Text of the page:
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Education and peer discussion group interventions and adjustment to breast cancer.

journal contribution
posted on 01.04.1999, 00:00 by Vicki HelgesonVicki Helgeson, Sheldon CohenSheldon Cohen, Richard Schulz, Joyce Yasko


We report a clinical trial comparing the effectiveness of education-based and peer discussion-based group interventions on adjustment to breast cancer.


Women with stage I, II, or III breast cancer (n = 312) were randomly assigned to 1 of 4 group conditions: control, education, peer discussion, or education plus peer discussion (combination). Seven groups (each comprising 8-12 women) were conducted in each of the 4 conditions (28 groups total). Adjustment was measured before the intervention, immediately after the intervention, and 6 months after the intervention.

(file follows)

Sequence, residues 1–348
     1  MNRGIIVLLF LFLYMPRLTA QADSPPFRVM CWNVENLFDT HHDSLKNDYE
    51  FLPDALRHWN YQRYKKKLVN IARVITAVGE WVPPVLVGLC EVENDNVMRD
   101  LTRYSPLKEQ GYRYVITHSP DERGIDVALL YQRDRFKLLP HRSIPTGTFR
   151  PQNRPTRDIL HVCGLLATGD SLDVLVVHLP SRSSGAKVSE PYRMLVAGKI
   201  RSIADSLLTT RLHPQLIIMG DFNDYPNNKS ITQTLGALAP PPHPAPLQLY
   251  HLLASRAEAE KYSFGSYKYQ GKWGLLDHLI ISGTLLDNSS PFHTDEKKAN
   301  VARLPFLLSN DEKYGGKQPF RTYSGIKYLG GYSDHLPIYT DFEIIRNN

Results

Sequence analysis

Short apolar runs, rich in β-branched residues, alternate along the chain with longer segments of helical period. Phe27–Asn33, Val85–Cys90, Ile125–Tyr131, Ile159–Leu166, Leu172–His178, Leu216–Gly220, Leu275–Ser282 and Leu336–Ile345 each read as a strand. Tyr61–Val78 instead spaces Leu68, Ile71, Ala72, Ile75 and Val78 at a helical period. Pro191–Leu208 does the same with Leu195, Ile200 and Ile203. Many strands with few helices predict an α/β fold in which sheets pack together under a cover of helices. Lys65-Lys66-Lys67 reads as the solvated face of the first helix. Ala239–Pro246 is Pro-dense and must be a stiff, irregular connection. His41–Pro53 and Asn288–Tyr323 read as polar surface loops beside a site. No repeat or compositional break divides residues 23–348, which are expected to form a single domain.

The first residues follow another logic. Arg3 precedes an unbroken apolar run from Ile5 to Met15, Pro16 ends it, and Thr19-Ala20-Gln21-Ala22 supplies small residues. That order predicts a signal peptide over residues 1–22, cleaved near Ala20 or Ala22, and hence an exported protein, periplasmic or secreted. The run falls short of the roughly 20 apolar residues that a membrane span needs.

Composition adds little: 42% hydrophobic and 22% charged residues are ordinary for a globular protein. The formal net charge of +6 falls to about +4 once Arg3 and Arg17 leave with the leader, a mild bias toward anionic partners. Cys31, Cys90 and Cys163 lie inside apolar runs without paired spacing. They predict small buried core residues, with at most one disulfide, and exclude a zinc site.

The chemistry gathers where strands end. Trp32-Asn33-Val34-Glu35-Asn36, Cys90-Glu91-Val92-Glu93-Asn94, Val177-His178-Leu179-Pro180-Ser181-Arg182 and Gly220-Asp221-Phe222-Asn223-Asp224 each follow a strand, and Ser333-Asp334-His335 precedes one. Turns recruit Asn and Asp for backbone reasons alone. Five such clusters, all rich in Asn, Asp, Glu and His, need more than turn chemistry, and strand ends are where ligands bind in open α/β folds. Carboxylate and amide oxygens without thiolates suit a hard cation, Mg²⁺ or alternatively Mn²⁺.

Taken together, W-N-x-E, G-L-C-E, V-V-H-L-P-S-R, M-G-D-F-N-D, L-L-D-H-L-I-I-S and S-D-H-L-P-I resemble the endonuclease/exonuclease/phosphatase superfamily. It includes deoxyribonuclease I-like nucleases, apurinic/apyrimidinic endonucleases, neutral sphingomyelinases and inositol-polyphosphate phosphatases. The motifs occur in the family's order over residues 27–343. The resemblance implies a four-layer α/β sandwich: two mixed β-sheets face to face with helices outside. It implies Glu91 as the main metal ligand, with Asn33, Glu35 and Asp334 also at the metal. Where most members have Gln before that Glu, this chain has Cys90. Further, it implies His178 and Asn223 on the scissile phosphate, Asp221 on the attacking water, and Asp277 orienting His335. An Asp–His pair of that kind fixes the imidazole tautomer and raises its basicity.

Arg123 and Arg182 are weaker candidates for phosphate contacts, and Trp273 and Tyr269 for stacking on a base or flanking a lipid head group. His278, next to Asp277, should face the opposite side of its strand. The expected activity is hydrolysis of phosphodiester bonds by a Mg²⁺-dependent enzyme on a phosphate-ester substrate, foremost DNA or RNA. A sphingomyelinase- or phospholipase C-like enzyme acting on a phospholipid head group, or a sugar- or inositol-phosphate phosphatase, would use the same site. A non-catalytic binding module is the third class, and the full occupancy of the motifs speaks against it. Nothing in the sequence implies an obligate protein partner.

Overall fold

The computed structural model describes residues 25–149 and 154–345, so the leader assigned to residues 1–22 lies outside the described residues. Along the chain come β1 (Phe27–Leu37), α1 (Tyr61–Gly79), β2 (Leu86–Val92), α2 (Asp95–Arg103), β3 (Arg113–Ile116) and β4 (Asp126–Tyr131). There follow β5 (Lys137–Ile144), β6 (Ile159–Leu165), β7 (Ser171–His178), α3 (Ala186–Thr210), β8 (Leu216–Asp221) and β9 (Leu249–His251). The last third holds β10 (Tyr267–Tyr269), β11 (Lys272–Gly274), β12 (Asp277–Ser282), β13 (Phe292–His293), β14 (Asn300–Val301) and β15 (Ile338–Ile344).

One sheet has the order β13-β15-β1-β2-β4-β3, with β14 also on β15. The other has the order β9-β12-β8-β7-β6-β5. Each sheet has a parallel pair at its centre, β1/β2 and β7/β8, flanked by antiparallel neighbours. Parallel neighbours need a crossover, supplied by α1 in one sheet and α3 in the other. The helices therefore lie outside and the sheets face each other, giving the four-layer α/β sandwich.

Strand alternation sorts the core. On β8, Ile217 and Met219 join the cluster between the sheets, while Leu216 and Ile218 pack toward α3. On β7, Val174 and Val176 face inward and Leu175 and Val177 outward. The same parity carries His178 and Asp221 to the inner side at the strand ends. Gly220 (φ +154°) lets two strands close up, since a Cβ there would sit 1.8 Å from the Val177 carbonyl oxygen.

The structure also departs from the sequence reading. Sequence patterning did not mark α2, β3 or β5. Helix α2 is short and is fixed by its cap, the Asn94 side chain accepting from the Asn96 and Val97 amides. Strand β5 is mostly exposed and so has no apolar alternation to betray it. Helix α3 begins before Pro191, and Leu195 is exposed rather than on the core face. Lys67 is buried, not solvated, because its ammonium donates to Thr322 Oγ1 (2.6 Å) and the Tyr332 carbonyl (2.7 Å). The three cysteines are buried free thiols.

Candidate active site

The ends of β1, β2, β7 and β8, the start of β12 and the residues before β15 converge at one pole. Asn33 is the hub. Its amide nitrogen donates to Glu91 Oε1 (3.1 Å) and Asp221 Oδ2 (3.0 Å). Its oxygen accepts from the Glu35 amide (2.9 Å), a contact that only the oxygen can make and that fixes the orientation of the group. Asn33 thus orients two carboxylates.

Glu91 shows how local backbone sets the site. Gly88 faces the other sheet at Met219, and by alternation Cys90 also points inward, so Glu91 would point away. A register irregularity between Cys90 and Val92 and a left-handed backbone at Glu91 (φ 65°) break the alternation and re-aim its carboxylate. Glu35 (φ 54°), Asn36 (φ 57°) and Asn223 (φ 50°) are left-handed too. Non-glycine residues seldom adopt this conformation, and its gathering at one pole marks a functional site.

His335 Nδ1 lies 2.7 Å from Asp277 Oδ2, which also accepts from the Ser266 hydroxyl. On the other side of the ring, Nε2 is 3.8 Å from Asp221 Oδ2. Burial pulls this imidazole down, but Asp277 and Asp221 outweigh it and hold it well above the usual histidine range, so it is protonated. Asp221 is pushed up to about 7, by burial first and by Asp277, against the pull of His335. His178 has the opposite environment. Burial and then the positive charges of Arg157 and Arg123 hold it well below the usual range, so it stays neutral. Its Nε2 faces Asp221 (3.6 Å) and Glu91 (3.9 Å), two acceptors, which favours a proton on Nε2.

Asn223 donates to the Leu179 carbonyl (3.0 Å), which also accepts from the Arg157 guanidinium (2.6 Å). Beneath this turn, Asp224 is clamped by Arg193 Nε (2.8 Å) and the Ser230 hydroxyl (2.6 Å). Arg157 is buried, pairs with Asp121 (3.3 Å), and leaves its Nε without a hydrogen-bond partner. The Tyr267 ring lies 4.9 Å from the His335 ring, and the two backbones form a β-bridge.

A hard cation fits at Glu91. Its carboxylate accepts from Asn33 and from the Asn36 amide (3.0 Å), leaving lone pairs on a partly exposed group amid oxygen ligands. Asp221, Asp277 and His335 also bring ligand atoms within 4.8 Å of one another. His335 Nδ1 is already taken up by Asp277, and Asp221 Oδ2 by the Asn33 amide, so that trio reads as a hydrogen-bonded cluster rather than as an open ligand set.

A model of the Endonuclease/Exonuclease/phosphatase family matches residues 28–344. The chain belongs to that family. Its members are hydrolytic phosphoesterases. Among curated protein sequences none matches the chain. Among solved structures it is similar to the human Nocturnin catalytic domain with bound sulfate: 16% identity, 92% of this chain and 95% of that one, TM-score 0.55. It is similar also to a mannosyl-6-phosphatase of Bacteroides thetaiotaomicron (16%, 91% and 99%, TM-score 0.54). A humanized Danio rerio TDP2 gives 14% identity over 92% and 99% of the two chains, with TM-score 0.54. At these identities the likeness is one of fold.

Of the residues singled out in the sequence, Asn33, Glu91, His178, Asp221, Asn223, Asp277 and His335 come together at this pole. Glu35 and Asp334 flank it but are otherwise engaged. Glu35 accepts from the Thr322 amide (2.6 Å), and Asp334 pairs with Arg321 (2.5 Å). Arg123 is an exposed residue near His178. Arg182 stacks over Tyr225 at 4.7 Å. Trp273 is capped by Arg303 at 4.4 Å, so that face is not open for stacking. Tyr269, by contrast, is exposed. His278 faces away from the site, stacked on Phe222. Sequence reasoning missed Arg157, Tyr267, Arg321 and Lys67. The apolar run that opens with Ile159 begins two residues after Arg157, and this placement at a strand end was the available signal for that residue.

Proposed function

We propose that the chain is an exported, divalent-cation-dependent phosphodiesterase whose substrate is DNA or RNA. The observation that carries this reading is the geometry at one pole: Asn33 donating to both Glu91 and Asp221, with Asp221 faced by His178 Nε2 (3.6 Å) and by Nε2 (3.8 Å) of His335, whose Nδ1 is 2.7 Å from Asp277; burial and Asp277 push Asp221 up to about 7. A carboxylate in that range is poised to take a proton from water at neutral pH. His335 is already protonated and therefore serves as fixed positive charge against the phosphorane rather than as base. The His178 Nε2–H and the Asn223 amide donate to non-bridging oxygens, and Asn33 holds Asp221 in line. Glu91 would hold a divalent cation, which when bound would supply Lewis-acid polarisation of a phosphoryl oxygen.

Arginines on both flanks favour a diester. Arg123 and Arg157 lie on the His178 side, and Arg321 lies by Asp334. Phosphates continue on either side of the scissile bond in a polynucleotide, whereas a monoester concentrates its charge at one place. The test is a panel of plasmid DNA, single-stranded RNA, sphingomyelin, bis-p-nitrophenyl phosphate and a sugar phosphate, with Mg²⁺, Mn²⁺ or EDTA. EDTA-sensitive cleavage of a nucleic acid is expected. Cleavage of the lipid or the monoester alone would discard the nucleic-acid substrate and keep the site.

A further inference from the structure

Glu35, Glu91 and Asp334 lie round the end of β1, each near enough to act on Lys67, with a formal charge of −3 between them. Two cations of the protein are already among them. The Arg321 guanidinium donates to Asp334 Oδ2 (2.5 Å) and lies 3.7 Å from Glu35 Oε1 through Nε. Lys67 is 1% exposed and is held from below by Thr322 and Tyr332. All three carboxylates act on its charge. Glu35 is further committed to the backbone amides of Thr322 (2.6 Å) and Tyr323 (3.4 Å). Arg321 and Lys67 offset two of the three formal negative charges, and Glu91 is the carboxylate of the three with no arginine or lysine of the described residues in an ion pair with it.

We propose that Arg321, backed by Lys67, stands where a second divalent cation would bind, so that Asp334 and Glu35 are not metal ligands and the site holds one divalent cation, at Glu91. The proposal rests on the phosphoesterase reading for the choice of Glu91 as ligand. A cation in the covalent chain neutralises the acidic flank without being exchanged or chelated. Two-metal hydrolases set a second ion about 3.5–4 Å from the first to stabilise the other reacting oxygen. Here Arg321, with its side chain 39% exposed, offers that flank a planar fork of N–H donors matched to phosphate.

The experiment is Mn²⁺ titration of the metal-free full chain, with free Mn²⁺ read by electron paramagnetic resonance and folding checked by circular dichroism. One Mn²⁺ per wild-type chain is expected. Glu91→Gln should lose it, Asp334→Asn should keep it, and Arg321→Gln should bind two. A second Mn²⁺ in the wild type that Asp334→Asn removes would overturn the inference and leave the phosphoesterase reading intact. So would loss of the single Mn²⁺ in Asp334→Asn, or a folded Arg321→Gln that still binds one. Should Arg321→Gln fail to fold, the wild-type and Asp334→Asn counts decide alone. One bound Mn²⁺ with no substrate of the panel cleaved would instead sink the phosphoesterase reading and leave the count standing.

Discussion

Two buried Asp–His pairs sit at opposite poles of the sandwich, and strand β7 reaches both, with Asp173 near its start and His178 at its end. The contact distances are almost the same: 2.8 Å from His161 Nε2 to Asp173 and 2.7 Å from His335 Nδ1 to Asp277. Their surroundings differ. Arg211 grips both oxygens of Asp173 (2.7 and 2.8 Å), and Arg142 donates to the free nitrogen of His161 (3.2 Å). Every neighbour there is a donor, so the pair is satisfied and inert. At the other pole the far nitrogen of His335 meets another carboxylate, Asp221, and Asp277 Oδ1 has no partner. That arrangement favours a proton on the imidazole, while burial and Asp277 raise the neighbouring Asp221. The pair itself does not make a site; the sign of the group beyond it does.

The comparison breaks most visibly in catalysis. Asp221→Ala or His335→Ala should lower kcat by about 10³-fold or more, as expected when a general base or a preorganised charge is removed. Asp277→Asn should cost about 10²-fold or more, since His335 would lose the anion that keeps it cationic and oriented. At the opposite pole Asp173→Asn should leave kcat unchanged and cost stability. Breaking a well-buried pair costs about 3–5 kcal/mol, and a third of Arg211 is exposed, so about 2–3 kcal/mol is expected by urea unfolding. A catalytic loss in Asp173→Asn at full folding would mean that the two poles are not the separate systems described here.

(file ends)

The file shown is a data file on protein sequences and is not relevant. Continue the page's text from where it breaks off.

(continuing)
Consistently positive effects on adjustment were seen in the education groups both immediately following and 6 months after the intervention. There were no benefits of participation in peer discussion groups, and some indications of adverse effects on adjustment at both follow-up examinations. The effects could be explained by changes in self-esteem, body image, and intrusive thoughts about the illness.


Education-based group interventions facilitated the initial adjustment of women diagnosed with early stage breast cancer. There was no evidence of benefits from peer discussion group interventions.




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